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combined-upstreams: NGINX Combined Upstreams module


CentOS/RHEL 6, 7, 8 or Amazon Linux 2

bash yum -y install yum -y install nginx-module-combined-upstreams

Enable the module by adding the following at the top of /etc/nginx/nginx.conf:

nginx load_module modules/;

This document describes nginx-module-combined-upstreams v2.1 released on Aug 27 2020.

The module introduces three directives add_upstream, combine_server_singlets, and extend_single_peers available inside upstream configuration blocks, and a new configuration block upstrand for building super-layers of upstreams. Additionally, directive dynamic_upstrand is introduced for choosing upstrands in run-time.

Directive add_upstream

Populates the host upstream with servers listed in an already defined upstream specified by the mandatory 1st parameter of the directive. Optional 2nd parameter may have only value backup which marks all servers of the sourced upstream as backups.

An example

nginx upstream combined { add_upstream upstream1; # src upstream 1 add_upstream upstream2; # src upstream 2 server some_another_server; # if needed add_upstream upstream3 backup; # src upstream 3 }

Directive combine_server_singlets

Produces multiple singlet upstreams from servers so far defined in the host upstream. A singlet upstream contains only one active server whereas other servers are marked as backups. If no parameters were passed then the singlet upstreams will have names of the host upstream appended by the ordering number of the active server in the host upstream. Optional 2 parameters can be used to adjust their names. The 1st parameter is a suffix added after the name of the host upstream and before the ordering number. The 2nd parameter must be an integer value which defines zero-alignment of the ordering number, for example if it has value 2 then the ordering numbers could be '01', '02', ..., '10', ... '100' ...

An example

nginx upstream uhost { server s1; server s2; server s3 backup; server s4; # build singlet upstreams uhost_single_01, # uhost_single_02, uhost_single_03 and uhost_single_04 combine_server_singlets _single_ 2; server s5; }

Why numbers, not names?

In the example above singlet upstreams will have names like uhost_single_01, but names that contain server names like uhost_single_s1 would look better and more convenient. Why not use them instead ordering numbers? Unfortunately nginx does not remember server names after a server has been added into an upstream, therefore we cannot simply fetch them.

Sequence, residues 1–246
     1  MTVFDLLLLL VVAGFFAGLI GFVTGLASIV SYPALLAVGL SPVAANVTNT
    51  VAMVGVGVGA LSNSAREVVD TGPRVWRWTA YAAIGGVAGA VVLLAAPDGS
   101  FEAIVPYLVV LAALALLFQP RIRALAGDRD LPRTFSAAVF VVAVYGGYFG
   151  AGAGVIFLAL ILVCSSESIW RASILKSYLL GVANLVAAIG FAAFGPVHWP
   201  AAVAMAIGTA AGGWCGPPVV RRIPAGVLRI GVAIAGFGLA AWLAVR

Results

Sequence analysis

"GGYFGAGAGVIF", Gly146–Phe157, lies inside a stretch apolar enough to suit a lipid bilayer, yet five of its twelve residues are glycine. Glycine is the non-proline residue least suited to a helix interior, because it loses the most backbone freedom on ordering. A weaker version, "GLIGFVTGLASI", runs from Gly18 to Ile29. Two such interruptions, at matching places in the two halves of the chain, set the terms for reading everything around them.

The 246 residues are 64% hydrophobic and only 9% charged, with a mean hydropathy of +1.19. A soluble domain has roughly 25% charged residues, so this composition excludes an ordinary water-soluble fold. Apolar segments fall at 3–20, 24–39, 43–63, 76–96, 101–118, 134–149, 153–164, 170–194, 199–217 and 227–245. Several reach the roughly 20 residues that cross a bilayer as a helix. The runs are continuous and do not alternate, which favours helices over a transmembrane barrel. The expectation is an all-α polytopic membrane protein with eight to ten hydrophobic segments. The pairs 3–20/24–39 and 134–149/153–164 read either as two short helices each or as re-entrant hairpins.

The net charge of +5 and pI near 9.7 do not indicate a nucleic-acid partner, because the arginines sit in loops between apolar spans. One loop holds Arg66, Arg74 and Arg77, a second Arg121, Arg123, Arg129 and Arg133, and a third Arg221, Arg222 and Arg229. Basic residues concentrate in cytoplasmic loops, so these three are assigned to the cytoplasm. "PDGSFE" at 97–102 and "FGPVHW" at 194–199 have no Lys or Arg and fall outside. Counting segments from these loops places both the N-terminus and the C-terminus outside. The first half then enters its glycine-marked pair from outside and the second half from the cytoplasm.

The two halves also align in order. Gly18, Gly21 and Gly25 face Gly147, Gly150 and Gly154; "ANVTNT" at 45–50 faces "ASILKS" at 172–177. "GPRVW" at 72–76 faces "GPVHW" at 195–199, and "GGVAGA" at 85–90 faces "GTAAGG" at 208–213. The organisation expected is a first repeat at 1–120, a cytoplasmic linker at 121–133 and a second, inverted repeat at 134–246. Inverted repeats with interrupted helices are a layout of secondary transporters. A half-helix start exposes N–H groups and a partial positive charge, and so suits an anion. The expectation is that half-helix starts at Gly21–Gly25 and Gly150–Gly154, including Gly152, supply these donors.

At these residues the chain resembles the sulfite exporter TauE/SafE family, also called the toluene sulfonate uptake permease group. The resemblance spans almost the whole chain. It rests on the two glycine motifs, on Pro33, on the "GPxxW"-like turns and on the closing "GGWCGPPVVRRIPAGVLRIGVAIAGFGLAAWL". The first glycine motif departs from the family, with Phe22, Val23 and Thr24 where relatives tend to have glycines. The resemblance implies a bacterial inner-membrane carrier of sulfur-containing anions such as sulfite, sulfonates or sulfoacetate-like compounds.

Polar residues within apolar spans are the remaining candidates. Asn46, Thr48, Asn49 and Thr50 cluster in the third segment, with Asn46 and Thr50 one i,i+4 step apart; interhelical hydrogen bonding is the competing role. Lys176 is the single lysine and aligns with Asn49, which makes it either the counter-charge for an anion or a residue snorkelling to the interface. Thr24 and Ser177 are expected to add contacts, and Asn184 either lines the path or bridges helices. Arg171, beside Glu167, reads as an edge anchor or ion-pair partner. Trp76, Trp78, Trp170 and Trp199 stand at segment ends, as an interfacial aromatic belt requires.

Update. There is a good news! Since version 1.7.2 nginx remembers server names in upstream data and now we can use them when referring to a special keyword byname. For example

nginx combine_server_singlets byname; # or combine_server_singlets _single_ byname;

All colons (:) in the server names are replaced with underscores (_).

Where this can be useful

Hmm, I do not know. Anyway a singlet upstream is a prominent category because it defines a single server with fallback mode. We can use them to provide robust HTTP session management when backend servers identify themselves using a known mechanism like HTTP cookies.

```nginx upstream uhost { server s1; server s2; combine_server_singlets; }

server { listen 8010; server_name main; location / { proxy_pass http://uhost$cookie_rt; } } server { listen 8020; server_name server1; location / { add_header Set-Cookie "rt=1"; echo "Passed to $server_name"; } } server { listen 8030; server_name server2; location / { add_header Set-Cookie "rt=2"; echo "Passed to $server_name"; } } ```

In this configuration the first client request will choose backend server randomly, the chosen server will set cookie rt to a predefined value (1 or 2) and all further requests from this client will be proxied to the chosen server automatically until it goes down. Say it was server1, then when it goes down the cookie rt on the client side will still be 1. Directive proxy_pass will route the next client request to a singlet upstream uhost1 where server1 is declared active and server2 is backed up. As soon as server1 is not reachable any longer nginx will route the request to server2 which will rewrite the cookie rt and all further client requests will be proxied to server2 until it goes down.

Directive extend_single_peers

Peers in upstreams fail according to the rules listed in directive proxy_next_upstream. If an upstream has only one peer in its main or backup part then this peer will never fail. This can be a serious problem when writing a custom algorithm for active health checks of upstream peers. Directive extend_single_peers, being declared in an upstream block, adds a fake peer marked as down in the main or the backup part of the upstream if the part originally contains only one peer. This makes nginx mark the original single peer as failed when it fails to pass the rules of proxy_next_upstream just like in general case of multiple peers.